The music surely serves more purpose than fleshing out a character and detailing their motivations. Once Belle travels to the Beast’s castle in place of her father, she encounters an assortment of enchanted objects that stage an elaborate production of dinner. “Be Our Guest” is a vehicle for explaining the destitution and loneliness of the castle’s inhabitants and its master and their own longing for companionship and usage. Beyond that, the staff-turned-objects want Belle to feel welcome in the ominous and foreboding palace because she, in her tremendous courage, is their last hope of ever having their humanity restored and the Beast’s only chance at both redemption and freedom from his curse. In tandem with the film’s imagery, the music is able to convincingly display the staff’s despondency with specific melodic phrases within the piece. As a whole, the piece fluctuates from a consistent line in order to demonstrate this shift in tone, both musically and in the actual animation.
Despite all of the information that is given in the aforementioned songs, the eponymous “Beauty and the Beast” is the culmination of nearly everything in Belle and the Beast’s developing relationship. It is a touching ballad that reveals both Belle and the Beast have overcome the initial hardships of the circumstances of their meeting, “Beauty and the Beast” is a song that would require no visual aid to discern its meaning and indeed hardly any of the scores within the film; however, “Beauty and the Beast” especially invokes the growing love between the two characters and the unexpected situation that they have suddenly found themselves in. It is a very straightforward melody with relatively simple lyrics, and it highlights that their relationship is, ultimately, meant to be.
The majority of the important pieces in the film involve lyrics, and this is not to suggest that the scores lacking lyrics bear no importance on the film, but instead they provide less concrete insight into the narrative and, while capable of inspiring a specific feeling, would most likely require the animation to be contextualized. Much like the original film, the pieces in these scenes such as “Battle on the Tower” or “The Beast Lets Belle Go” seek to foster dramatic tension. Nevertheless, without the visual element, it would be questionable as to what specifically they intend to communicate to the audience rather than a vague feeling of stress or disappointment with a character’s actions. Notably, “Belle” and “Beauty and the Beast” are the most integral musical pieces of the film, and, because of the two main characters’ development, the audience’s attention is essentially captivated. The information in these two songs especially reflect the growth and tribulations that both characters experience and will go on to struggle against. This tension culminates particularly in the film’s climaxing musical number “The Mob Song” wherein the Beast faces off against Gaston and later denouement of “Human Again” as the Beast is released from his curse.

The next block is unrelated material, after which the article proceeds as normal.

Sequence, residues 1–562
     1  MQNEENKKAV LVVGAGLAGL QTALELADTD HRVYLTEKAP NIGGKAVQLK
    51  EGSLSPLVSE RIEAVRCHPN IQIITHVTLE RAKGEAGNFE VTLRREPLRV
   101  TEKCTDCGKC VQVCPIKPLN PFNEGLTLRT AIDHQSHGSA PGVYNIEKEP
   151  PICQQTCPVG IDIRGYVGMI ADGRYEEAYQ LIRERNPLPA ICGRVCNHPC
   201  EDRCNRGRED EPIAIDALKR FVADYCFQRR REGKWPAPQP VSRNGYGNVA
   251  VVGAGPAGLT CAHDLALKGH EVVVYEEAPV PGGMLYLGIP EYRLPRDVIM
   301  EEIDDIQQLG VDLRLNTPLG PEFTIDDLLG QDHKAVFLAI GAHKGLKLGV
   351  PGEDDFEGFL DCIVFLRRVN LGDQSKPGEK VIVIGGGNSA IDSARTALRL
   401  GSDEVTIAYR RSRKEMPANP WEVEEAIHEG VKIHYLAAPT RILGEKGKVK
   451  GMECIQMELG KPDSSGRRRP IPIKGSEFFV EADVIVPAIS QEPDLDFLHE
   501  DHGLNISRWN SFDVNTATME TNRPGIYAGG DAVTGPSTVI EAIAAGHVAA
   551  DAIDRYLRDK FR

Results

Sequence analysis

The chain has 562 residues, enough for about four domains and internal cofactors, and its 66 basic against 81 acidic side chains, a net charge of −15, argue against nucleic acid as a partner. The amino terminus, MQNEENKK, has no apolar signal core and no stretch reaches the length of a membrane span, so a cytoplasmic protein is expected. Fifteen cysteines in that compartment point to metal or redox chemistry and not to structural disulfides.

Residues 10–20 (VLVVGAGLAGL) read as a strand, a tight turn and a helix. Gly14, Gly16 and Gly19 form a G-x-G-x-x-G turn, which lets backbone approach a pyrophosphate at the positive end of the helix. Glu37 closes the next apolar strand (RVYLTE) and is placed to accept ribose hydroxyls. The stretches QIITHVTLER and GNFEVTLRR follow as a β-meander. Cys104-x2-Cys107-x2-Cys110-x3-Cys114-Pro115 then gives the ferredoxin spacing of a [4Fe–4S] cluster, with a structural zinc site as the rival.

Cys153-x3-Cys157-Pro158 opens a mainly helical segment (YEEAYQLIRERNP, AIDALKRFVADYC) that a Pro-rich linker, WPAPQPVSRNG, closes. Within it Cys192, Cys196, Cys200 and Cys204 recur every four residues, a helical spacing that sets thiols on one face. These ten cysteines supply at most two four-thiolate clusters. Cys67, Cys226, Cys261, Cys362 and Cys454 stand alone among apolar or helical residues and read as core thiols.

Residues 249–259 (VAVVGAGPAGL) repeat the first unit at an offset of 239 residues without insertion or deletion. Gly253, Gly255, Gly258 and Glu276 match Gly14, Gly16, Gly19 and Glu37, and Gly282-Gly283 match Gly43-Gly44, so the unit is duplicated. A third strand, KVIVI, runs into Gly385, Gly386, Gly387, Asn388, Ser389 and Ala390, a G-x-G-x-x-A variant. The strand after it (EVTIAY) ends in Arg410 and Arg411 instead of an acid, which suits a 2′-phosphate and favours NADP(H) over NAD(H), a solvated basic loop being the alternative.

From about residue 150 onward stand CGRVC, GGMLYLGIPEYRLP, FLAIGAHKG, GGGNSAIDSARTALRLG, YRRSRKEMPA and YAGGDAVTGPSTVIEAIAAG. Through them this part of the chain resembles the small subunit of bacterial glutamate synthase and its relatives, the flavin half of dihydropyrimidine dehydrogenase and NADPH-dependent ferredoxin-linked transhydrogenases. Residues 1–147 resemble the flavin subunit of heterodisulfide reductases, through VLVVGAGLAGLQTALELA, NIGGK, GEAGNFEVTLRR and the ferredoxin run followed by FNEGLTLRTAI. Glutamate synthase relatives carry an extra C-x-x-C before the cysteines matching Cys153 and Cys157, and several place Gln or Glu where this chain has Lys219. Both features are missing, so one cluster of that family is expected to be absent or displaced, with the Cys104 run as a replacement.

Beauty and the Beast incorporates music in a fashion that is hardly unique though incredibly effective. It can take on a life of its own beyond the screen and invoke similar feelings regardless of the context in which one hears it. The animation certainly lends the necessary specificity to fully comprehend the meaning behind instrumental pieces while further developing pieces with lyrics, though it is hardly a prerequisite to understanding the majority of the film. To this end, the role of music in Beauty and the Beast, and its propensity for conveyance, is monumentally successful. Ultimately, each piece signifies an emotion or a mood for the scene and allows the viewer to be fully absorbed in the film’s world as it permits them to experience the gamut of emotions as the characters do, if only from outside of the screen.
Beauty and the Beast. Dir. Gary Trousdale and Kirk Wise. By Linda Woolverton, Paige O'Hara, and Robby Benson. Buena Vista Pictures Distribution, Inc., 1991. DVD.